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Scorching summer to a snowy december

scorchiing summer at the farm
Summer long grasses

It was a year of extreme temperatures – from a scorching summer to a snowy December. Lots of people asked us how the Christmas trees coped with the heat and lack of rain over the dry, hot summer of 2022. We are pleased to say that they coped remarkably well. There were just a few trees that suffered from patches of scorched needles.

Trees on the outer edges of planted areas bore the brunt but most were protected by the shade of their near neighbours. This year, we will plant beech trees in an open field margin on our new field to provide more shade.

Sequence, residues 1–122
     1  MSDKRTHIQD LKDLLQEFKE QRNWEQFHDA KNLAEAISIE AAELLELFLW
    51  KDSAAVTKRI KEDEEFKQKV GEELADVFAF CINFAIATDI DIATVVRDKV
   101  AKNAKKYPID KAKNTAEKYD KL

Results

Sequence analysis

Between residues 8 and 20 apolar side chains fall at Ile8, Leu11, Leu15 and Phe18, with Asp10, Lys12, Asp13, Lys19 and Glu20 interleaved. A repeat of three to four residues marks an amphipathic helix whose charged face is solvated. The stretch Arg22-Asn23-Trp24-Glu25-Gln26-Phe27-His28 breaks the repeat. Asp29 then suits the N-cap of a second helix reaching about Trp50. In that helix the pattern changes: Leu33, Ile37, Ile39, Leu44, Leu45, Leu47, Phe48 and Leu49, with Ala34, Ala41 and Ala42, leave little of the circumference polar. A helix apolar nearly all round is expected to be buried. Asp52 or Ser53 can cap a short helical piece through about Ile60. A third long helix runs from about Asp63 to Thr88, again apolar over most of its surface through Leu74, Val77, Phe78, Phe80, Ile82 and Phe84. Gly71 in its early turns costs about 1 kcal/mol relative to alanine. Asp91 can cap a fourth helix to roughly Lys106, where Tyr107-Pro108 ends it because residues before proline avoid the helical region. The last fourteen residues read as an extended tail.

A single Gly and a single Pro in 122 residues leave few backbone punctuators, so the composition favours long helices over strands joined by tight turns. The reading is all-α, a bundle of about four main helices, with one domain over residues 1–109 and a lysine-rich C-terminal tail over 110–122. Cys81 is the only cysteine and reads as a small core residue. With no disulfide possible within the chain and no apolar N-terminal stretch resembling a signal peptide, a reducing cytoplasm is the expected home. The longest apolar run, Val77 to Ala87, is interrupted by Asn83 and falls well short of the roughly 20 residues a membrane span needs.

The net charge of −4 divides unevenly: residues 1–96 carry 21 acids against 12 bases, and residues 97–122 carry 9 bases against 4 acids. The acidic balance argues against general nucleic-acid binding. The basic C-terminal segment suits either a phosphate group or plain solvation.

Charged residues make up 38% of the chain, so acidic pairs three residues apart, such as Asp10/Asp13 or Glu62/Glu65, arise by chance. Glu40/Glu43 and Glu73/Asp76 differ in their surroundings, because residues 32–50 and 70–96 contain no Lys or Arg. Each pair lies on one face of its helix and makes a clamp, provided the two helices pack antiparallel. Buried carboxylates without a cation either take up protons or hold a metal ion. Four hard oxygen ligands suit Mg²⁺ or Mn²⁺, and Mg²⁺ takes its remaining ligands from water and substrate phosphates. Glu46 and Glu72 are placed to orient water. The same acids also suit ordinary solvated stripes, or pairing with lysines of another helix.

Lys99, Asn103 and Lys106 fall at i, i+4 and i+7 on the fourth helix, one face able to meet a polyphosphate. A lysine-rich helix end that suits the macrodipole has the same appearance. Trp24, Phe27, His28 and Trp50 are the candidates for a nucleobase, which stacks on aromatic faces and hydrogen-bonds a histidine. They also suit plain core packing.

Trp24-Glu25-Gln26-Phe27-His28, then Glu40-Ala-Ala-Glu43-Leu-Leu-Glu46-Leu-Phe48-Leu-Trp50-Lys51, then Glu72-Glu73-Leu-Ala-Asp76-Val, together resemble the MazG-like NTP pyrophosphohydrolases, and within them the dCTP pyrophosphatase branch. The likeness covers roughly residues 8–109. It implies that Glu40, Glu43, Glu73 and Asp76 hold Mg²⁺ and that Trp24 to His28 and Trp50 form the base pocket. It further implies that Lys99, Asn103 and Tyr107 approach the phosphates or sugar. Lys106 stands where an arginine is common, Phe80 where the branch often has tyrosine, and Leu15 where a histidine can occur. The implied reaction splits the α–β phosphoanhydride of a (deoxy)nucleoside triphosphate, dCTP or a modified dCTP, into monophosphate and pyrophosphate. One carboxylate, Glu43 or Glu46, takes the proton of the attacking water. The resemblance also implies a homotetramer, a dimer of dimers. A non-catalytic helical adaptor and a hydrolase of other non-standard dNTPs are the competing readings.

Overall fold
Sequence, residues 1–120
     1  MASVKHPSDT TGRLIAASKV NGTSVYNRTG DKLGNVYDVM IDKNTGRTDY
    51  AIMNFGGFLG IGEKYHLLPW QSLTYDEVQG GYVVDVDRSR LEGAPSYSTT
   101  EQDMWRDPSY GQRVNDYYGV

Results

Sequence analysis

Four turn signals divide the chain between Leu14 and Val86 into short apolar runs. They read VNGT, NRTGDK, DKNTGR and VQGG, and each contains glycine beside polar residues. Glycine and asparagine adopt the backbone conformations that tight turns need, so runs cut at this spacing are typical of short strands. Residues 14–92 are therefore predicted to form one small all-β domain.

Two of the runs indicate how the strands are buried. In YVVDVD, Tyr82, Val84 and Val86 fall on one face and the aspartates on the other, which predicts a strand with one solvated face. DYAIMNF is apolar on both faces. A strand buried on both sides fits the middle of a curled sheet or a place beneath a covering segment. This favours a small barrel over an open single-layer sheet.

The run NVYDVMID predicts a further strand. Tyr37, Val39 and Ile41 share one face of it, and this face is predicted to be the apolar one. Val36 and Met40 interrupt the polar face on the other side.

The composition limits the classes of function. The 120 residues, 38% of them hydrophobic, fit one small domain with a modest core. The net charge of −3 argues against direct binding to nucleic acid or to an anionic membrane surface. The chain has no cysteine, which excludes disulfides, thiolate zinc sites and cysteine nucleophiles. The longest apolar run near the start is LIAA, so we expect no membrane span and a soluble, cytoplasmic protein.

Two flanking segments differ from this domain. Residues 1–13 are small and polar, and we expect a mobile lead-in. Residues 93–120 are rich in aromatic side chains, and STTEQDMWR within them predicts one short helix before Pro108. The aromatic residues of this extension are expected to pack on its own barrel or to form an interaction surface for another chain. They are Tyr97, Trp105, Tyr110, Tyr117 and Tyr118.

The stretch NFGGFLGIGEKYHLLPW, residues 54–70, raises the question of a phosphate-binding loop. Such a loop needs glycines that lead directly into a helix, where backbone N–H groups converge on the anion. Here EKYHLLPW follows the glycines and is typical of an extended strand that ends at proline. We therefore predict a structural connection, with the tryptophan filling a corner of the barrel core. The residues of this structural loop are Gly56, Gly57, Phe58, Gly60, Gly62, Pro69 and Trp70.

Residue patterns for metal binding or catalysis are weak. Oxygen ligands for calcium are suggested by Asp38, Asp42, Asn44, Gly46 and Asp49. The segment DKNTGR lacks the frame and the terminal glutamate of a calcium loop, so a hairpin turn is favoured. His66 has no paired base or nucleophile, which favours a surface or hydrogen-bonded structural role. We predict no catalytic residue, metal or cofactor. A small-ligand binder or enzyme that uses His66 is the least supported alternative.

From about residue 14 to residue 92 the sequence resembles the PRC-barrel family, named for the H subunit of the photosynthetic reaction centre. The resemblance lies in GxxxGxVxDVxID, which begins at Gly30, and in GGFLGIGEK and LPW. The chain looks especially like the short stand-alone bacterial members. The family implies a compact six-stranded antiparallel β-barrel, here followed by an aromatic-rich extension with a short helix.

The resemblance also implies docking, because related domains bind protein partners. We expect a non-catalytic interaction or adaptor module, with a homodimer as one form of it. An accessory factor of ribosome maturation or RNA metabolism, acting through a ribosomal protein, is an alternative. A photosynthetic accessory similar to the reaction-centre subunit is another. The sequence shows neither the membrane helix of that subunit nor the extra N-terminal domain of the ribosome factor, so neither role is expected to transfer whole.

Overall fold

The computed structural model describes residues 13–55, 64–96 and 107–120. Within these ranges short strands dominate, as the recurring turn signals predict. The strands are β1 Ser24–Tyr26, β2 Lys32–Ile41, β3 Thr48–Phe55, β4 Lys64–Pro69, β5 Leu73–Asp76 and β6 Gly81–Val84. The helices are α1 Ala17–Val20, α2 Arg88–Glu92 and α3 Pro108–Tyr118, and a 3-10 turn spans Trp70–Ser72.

Scorching Summer

These poor blackberry bushes in our hedgerows weren’t so lucky and got completely scorched. It just shows what a roasting summer it was. Thank goodness for the arrival of some cooler weather and some rain showers!

We have no doubt that our no-mow May and June protected the soil and our Christmas Trees from moisture loss and helped them through those hot summer months.

In contrast, the weeks leading up to Christmas season were unseasonably warm and there were still insects busying about. The badgers were happy – they love digging out wasp nests to eat and the dry summer meant worms had been harder for them to find. The usual hardening frosts came later than usual but they came in the end!

scorching summer
Blackberry bushes in the summer heat
frosty December
A frosty morning on the farm
snowy December
Winter wonderland

A snowy December

Then we had a rare December snowfall and our farm became a winter wonderland. This added to the fun of hunting out the perfect Christmas tree!

We don’t water our fields, and we rarely spray our trees either. With ever more unpredictable weather patterns, we need to continue to find ways to work with nature more than ever.

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